Ancient Monuments

History on the Ground

This site is entirely user-supported. See how you can help.

Medieval shieling 600m south east of South Middleton

A Scheduled Monument in Ilderton, Northumberland

Approximate Location Map
Large Map »
Street or Overhead View
Contributor Photos »

If Google Street View is available, the image is from the best available vantage point looking, if possible, towards the location of the monument. Where it is not available, the satellite view is shown instead.

Coordinates

Latitude: 55.5017 / 55°30'6"N

Longitude: -1.9957 / 1°59'44"W

OS Eastings: 400372.063002

OS Northings: 623100.125002

OS Grid: NU003231

Mapcode National: GBR G4HT.RM

Mapcode Global: WH9ZQ.9ZY6

Entry Name: Medieval shieling 600m south east of South Middleton

Scheduled Date: 18 September 1998

Source: Historic England

Source ID: 1018350

English Heritage Legacy ID: 31702

County: Northumberland

Civil Parish: Ilderton

Traditional County: Northumberland

Lieutenancy Area (Ceremonial County): Northumberland

Church of England Parish: Ilderton St Michael

Church of England Diocese: Newcastle

Details

The monument includes a medieval shieling situated at the foot of a prominent
mound called Foxes Knowe. It is aligned north-south, measures 10m by 4m, and
is divided into two rooms. The walls stand up to 0.5m high and there is a
probable entrance in the west side.

MAP EXTRACT
The site of the monument is shown on the attached map extract.
It includes a 2 metre boundary around the archaeological features,
considered to be essential for the monument's support and preservation.

Source: Historic England

Reasons for Scheduling

Shielings are small seasonally occupied huts which were built to provide
shelter for herdsmen who tended animals grazing summer pasture on upland or
marshland. These huts reflect a system called transhumance, whereby stock was
moved in spring from lowland pasture around the permanently occupied farms to
communal upland grazing during the warmer summer months. Settlement patterns
reflecting transhumance are known from the Bronze Age (c.2000-700 BC)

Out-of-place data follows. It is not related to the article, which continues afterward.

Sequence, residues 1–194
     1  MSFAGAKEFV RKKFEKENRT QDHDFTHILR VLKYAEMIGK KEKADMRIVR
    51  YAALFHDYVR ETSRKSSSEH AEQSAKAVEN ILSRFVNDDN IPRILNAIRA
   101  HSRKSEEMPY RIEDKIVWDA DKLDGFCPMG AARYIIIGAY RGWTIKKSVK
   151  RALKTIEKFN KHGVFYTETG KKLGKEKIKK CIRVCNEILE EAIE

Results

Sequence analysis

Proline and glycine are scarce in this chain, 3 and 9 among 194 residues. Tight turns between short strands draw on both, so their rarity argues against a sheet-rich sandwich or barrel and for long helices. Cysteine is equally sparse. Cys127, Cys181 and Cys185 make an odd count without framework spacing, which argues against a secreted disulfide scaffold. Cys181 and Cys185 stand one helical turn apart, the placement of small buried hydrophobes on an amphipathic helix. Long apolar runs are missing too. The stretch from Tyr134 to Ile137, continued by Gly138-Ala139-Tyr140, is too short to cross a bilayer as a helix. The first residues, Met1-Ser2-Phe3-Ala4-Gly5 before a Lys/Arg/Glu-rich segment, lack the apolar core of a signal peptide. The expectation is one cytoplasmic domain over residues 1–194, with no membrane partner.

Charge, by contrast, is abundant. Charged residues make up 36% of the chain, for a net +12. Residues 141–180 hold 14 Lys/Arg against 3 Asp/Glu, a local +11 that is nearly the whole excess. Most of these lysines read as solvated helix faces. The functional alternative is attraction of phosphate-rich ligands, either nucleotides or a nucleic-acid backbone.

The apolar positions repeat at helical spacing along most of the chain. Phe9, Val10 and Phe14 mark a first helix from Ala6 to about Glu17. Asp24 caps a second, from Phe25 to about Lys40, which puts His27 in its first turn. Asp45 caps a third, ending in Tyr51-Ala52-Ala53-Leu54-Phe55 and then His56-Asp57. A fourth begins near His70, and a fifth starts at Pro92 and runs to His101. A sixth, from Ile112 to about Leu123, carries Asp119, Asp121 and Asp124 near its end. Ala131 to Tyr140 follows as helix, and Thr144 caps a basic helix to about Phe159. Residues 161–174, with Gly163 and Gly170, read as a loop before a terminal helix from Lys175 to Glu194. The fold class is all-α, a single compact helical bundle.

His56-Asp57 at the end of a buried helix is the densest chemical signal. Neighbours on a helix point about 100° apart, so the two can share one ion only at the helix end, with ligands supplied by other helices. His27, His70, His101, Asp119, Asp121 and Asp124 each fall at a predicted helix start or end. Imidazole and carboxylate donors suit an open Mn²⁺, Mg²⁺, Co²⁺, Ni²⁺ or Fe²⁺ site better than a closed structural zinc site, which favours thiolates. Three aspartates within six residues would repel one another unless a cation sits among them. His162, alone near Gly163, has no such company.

onwards. However, the construction of herdsmen's huts in a form distinctive
from the normal dwelling houses of farms, only appears from the early medieval
period onwards (from AD 450), when the practice of transhumance is also known
from documentary sources and, notably, place-name studies. Their construction
appears to cease at the end of the 16th century. Shielings vary in size but
are commonly small and may occur singly or in groups. They have a simple sub-
rectangular or ovoid plan normally defined by drystone walling, although
occasional turf-built structures are known, and the huts are sometimes
surrounded by a ditch. Most examples have a single undivided interior but two
roomed examples are known. Some examples have adjacent ancillary structures,
such as pens, and may be associated with a midden. Some are also contained
within a small ovoid enclosure. Shielings are reasonably common in the uplands
but frequently represent the only evidence for medieval settlement and farming
practice here. Those examples which survive well and which help illustrate
medieval land use in an area are considered to be nationally important.

The medieval shieling 600m south east of South Middleton survives in good
condition and retains significant archaeological deposits. It lies at the
eastern edge of the distribution of shielings in Northumberland and will
contribute to the study of the wider settlement and land use during this
period.

Source: Historic England

Other nearby scheduled monuments

AncientMonuments.uk is an independent online resource and is not associated with any government department. All government data published here is used under licence. Please do not contact AncientMonuments.uk for any queries related to any individual ancient or schedued monument, planning permission related to scheduled monuments or the scheduling process itself.

AncientMonuments.uk is a Good Stuff website.